I love how the publicity material is intended as a slight on the dominant trends in indie games these days by poking fun of the prevalence of randomly generated levels and rogue-like permadeath. And then they say, “Try our game instead. It’s a puzzle platformer with a lot of double jumping!” as if we haven’t seen a million of those come out in the past few years. It is kind of a problem, though. I’m a big fan of independent games generally, because they often have new ideas that the bigger games lack. But it feels like these days we’re seeing an approach that just mixes and matches game elements that have been successful in recent years. It’s like each indie game is just selling itself in the “It’s like Jaws meets Indiana Jones“ Hollywood format. Maybe I’m just playing the wrong games, but I can’t think of an indie game in the past couple years that has really stood out as something new.

Kyle O’Reilly argued that being completely original is really hard, and there’s nothing wrong with putting a new spin on old ideas:

“New” is such a nebulous term that it’s kind of a moving goal post for video games. Games are built around systems (shoot x to y, jump over x to y, walk to x to see y, etc) so it makes sense that a lot independent developers are going to look for new ways to work within those systems as opposed to trying to invent their own completely new systems. Escape Goat isn’t revolutionizing “jump over x to y,” but it’s throwing in minor variables and is well-designed enough to warrant attention in my opinion. I think of it like rock music. Built To Spill didn’t rewrite the book on rock music and follows a similar structure to many bands, but they’re still unique as well as a really good band. Like a damn good band.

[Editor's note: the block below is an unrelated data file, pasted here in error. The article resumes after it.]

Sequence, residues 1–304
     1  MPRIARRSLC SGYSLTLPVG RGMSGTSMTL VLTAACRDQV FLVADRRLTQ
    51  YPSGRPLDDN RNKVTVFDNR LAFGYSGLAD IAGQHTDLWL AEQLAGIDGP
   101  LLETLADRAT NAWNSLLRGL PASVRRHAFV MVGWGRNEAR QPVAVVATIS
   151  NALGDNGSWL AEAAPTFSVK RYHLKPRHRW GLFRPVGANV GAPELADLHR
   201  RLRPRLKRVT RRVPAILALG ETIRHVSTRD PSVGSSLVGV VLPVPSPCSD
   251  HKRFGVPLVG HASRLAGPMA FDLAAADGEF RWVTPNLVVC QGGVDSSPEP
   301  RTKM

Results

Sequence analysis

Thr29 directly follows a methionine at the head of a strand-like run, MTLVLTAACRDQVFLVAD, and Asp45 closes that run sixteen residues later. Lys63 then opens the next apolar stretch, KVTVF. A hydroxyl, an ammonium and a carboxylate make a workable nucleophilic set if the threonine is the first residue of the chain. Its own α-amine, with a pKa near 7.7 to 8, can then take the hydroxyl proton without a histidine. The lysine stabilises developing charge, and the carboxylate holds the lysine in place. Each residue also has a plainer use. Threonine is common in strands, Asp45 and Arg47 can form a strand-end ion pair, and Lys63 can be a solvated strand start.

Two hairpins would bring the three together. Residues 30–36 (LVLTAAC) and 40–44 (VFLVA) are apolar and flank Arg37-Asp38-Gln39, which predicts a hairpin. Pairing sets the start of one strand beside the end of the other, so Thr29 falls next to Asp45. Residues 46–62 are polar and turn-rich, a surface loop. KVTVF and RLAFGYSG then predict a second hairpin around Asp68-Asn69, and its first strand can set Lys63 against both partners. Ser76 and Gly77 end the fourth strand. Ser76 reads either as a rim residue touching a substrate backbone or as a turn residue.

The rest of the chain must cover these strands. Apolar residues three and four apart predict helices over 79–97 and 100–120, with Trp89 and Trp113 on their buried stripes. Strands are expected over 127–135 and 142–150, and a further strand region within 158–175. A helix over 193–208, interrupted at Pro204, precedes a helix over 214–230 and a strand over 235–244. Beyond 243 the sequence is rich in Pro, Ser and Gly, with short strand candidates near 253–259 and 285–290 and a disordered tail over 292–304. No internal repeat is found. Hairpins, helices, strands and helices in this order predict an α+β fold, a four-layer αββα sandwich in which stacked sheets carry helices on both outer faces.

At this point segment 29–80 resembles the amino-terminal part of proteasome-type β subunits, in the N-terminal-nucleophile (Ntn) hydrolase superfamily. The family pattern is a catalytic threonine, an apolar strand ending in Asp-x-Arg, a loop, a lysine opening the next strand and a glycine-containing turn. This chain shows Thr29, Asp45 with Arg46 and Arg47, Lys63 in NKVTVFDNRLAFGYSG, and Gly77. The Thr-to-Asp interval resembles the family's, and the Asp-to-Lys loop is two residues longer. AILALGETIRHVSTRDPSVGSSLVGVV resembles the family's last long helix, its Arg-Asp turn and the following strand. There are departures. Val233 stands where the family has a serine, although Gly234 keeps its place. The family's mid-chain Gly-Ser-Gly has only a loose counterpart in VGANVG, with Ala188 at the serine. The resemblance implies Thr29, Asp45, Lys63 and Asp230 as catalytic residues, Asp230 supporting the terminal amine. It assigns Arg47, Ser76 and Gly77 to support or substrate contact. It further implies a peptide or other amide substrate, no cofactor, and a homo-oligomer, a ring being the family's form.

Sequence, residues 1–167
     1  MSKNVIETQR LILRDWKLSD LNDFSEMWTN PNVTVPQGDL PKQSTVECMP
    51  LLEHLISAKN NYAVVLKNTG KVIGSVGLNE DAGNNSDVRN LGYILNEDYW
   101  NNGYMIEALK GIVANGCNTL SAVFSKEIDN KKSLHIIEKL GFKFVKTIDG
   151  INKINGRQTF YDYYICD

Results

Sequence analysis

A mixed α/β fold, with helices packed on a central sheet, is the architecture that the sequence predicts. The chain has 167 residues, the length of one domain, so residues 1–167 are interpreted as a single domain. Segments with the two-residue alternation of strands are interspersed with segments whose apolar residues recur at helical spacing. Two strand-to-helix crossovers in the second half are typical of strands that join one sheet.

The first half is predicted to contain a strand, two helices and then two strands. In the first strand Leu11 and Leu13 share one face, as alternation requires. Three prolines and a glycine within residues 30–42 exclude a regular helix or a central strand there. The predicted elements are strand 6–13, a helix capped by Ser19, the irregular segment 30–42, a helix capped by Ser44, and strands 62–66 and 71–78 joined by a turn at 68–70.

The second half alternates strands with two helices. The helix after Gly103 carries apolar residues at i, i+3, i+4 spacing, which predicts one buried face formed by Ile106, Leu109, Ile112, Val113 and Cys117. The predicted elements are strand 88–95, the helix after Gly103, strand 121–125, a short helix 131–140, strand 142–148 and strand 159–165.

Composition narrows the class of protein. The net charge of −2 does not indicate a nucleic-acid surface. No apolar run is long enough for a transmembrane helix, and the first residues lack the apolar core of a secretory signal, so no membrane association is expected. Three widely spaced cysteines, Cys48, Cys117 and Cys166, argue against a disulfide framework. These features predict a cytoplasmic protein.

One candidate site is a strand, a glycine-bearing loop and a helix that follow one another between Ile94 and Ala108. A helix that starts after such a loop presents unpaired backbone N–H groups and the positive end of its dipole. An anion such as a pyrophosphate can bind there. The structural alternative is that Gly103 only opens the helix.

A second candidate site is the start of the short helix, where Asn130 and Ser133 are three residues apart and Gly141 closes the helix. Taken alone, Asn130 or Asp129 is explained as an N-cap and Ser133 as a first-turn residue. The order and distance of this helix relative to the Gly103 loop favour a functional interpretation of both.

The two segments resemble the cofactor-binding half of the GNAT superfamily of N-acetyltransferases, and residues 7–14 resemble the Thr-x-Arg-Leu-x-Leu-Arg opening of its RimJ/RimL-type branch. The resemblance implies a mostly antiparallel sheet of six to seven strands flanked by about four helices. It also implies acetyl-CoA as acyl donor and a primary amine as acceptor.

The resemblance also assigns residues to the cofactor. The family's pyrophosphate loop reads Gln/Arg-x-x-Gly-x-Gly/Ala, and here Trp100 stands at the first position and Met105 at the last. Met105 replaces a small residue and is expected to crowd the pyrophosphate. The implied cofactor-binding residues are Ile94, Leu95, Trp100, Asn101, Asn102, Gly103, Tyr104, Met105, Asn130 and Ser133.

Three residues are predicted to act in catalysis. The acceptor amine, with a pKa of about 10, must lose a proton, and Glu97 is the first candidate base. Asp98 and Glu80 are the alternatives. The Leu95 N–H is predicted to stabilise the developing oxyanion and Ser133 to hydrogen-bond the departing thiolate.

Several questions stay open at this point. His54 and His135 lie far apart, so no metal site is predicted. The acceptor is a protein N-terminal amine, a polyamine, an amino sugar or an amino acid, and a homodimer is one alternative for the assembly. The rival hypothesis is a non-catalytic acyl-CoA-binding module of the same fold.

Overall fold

Also, what game has ever really stood out to you as something “new”? Even paradigm shifters like Grand Theft Auto III, Minecraft, or DayZ have lots of borrowed elements in them. Really the only new games I can think of were back in gaming’s infancy, when first-person shooters and real-time strategy games were born.

And Merve took the opportunity to point us in the direction of a funny little document that was born out of a Gameological community discussion on this very topic of independent game trends:

This was birthed in the Gameological chatroom: Make Your Own Indie Game!

Pitchin’!

This week, we learned that film and TV studio Lionsgate has hired an executive to help turn its properties into video games. In his write-up of the news, John pitched a hypothetical take on one such potential adaptation, Mad Men. Curmudgahideen had another suggestion:

In my ideal Mad Men game, you would play as Dawn trying to keep Don Draper satisfied and mildly drunk through a frantic day of meetings, long lunches, pitching, infidelity, and sneaking off to the cinema. The reward for winning would be a terse nod from him as he puts on his hat and goes home.

And redmedicine made an addendum:

There has to be at least one Roger Sterling level where, in a Grand Theft Auto-like mission, you drink as much as you possibly can and collect hippies for the orgy at your apartment, all while evading your reformed daughter.

That does it! Thanks for reading and commenting. We’ll see you all next week.